I am totally unable to paint without music and usually, when painting Sudan British happily listen to the Complete Marches of Kenneth Alford (alright Alford, real name Fredrick Joseph Ricketts, wasn't born until 1882 but it sounds right) on my computer. Whilst painting Highlanders I also have some Scottish military music but, honestly, there is only so much bagpipe music I can bear. I was very pleased, therefore, to acquire this weekend a cd of the soundtrack for the film Khartoum (1966) with music by Frank Cordell (1918-1980). The score is a mix of cod Walton and Elgar and Islamic (well, "Egyptian") sounding music. John Williams, when writing about the music for the throne room scene of Star Wars (1977) said that he wanted an English feel like Elgar. Frankly, he must have been thinking of Cordell's overture to Khartoum; the similarities are, er, remarkable. As to the "Egyptian" sound, the whole exotic "Egyptian" scale, with its flattened supertonic was invented by Verdi for Aida (it's about as authentic as Sir Walter Scott's version of Scotland) but everyone since has used it from Maurice Jarre in Lawrence of Arabia to Jerry Goldsmith in The Mummy.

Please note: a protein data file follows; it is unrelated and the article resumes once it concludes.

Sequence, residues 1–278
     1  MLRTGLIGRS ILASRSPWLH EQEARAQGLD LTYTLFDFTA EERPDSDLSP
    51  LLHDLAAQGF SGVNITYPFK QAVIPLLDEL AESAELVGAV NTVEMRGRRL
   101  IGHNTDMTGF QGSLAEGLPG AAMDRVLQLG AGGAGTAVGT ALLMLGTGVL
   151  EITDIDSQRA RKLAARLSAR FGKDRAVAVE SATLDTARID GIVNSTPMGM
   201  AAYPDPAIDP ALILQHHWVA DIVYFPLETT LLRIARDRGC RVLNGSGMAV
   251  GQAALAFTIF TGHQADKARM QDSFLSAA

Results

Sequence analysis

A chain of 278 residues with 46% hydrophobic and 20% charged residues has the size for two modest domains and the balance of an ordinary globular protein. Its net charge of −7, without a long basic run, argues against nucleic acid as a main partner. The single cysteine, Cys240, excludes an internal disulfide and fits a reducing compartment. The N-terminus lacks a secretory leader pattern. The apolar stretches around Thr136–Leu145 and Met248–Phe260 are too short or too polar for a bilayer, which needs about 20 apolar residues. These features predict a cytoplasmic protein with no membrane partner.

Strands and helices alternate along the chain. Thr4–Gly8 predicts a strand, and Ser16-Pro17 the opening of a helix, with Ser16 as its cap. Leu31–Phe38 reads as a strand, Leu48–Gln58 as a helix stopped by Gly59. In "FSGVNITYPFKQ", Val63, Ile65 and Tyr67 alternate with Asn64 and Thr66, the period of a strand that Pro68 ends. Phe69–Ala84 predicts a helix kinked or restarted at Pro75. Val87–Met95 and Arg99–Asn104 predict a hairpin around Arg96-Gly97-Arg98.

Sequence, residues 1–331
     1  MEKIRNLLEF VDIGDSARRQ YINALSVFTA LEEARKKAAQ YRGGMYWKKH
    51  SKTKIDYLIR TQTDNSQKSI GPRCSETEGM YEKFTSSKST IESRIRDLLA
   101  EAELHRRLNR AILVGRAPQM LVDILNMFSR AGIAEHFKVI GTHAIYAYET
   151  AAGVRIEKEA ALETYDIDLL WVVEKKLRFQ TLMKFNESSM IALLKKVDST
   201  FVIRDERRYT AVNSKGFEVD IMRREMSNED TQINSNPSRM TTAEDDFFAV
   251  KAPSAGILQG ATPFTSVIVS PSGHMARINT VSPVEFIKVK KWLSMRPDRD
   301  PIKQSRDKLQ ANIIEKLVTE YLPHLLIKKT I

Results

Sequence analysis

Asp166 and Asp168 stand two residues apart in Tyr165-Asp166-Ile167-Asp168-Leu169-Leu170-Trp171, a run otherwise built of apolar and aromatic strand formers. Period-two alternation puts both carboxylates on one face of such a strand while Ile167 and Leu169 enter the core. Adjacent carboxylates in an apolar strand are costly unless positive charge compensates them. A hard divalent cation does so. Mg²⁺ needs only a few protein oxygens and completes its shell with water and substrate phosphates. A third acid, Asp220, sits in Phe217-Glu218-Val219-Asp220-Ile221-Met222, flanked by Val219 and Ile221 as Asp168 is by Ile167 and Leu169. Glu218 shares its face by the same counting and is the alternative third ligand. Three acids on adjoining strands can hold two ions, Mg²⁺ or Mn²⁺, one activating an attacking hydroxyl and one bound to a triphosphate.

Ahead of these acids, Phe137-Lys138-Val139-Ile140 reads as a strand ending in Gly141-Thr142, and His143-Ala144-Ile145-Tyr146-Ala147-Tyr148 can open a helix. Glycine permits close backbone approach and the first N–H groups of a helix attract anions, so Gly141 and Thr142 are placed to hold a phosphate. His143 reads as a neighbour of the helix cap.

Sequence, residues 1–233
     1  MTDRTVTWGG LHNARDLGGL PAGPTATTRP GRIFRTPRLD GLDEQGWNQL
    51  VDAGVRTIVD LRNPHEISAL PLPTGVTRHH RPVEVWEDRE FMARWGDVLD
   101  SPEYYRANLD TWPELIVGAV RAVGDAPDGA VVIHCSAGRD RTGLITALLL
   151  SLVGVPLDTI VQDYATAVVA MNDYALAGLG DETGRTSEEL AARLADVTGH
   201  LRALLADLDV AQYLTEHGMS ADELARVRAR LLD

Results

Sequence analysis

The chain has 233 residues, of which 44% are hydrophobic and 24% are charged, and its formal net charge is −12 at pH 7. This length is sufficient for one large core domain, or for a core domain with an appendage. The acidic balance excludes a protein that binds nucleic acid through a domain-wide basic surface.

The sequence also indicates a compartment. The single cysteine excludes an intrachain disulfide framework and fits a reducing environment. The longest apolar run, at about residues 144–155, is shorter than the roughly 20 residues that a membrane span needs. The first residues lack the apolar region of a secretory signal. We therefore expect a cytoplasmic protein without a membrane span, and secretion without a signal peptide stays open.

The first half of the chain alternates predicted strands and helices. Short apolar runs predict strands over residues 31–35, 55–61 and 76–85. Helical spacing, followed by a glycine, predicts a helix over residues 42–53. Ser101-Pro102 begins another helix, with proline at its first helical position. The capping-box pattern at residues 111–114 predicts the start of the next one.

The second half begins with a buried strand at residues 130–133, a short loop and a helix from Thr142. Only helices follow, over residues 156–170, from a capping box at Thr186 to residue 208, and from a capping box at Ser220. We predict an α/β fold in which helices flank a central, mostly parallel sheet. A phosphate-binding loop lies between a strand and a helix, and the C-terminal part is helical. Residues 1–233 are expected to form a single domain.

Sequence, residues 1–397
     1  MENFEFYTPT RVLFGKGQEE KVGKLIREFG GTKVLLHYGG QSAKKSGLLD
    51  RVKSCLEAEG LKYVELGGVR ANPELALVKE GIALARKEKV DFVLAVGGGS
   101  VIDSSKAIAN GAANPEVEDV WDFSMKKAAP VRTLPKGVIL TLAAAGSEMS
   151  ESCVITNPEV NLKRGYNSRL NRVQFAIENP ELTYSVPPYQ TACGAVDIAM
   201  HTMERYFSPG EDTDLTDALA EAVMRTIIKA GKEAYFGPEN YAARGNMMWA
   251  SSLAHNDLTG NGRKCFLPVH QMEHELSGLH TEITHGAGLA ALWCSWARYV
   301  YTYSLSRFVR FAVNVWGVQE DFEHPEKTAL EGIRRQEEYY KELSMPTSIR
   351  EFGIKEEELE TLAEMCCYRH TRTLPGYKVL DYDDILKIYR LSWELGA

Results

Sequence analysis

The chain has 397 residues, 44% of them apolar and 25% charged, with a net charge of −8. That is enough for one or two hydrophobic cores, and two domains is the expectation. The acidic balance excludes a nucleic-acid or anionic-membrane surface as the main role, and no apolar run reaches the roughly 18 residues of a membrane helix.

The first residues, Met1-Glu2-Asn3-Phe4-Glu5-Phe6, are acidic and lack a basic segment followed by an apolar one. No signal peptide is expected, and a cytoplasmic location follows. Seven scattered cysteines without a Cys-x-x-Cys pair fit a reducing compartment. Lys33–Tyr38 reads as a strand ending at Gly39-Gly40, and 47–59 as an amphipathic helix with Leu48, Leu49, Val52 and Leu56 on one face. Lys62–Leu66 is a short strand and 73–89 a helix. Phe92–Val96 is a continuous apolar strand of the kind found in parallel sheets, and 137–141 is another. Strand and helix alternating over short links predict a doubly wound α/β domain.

Anyway it makes a change from all those wailing bagpipes (it does quote Highland Laddie)!